Finding the desired link again can be sometimes a tedious job. It can even become frustrating when you don’t find it in a reasonable amount of time, because you know it’s there somewhere, you visited it before… After a struggle of about two or more minutes you finally find it.
This time you bookmark it and then you say to yourself - “from now on I will be more disciplined and consciously use bookmarks”.
bookmark (verb) - record the address of (a website, file, etc.) to enable quick access in future.
So far, so good. The problem is your bookmarks can turn into a monster themselves and you can later lose then more time browsing through them to find the right one, because you know now you bookmarked it…
So you are developing a core platform for your enterprise. Your platform becomes successful, you have more clients consuming your services. Some (most) will need some core data synchronized in their systems. You might start experiencing the following pains
- You might use a push mechanism to notify clients about an core element update (e.g. user or organisation data update). But what happens when a new client ist added? Well your core platform needs to be aware of it. This might imply code or configuration changes, new deployments etc. - ** it does not scale **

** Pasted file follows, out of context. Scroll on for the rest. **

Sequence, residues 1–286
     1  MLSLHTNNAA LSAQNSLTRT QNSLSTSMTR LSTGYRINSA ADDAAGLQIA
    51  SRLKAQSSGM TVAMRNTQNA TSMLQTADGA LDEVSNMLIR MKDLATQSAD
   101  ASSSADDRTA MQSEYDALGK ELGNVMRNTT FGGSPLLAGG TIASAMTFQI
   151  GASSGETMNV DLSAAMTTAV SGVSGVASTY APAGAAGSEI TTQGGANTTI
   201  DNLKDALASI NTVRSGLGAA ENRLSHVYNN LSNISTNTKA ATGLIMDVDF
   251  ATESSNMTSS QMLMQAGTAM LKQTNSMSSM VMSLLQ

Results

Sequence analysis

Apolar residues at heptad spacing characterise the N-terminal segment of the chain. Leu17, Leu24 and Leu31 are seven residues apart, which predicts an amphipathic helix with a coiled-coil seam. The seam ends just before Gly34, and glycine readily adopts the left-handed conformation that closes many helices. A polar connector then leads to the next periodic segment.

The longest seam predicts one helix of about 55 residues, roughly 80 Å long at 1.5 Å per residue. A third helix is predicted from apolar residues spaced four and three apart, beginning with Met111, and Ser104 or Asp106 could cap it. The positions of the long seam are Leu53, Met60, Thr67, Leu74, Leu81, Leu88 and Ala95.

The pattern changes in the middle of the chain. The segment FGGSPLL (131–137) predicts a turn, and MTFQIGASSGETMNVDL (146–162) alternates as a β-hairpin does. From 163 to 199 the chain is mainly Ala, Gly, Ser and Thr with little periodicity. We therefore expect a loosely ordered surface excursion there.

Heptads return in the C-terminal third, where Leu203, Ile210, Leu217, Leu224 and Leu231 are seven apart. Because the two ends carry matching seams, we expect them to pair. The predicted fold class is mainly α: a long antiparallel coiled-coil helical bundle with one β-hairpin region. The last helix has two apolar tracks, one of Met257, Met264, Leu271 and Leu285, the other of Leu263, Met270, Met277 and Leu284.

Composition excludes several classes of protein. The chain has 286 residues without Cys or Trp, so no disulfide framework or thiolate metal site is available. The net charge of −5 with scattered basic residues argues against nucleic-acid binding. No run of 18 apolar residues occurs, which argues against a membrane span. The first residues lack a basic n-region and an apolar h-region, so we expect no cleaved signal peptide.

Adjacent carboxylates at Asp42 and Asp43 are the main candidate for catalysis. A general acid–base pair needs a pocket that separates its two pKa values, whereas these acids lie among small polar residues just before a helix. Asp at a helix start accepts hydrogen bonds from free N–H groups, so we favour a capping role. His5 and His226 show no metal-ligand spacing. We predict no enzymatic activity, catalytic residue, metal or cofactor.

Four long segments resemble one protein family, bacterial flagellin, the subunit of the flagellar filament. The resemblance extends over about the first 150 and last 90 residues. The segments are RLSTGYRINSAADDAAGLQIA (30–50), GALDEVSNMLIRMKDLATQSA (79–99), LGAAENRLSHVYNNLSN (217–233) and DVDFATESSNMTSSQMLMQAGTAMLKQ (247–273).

- If a client of the platform is not online the time the update notification is pushed, it will miss the update, which might lead to data inconsistency.
Pub/Subscribe to the rescue
Both issues are elegantly solved if you use a publish/subscribe mechanism. Your core platform, the publisher, will publish the update event to a message broker, that will be consumed by one or several clients, subscribers. See the diagram below for the 1000 words, worth of explanation:
Last week I showed you how to increase the performance of multiple java calls by making them asynchronous and parallel. This week we take a look at another potential performance booster, you should always keep in mind - caching.
Let’s imagine a scenario where you call a REST service and you know the returned values don’t change very often. In this case you really need to consider caching the response. We will use Guava’s provided caching capabilities to implement such a cache for this example.
Some time ago I wrote how elegant and rapid is to make parallel calls in NodeJS with async-await and Promise.all capabilities. Well, it turns out in Java is just as elegant and succinct with the help of CompletableFuture which was introduced in Java 8. To demonstrate that let’s imagine that you need to retrieve a list of ToDos from a REST service, given their Ids. Of course you could iterate through the list of Ids and sequentially call the web service, but it’s much more performant to do it in parallel with asynchronous calls.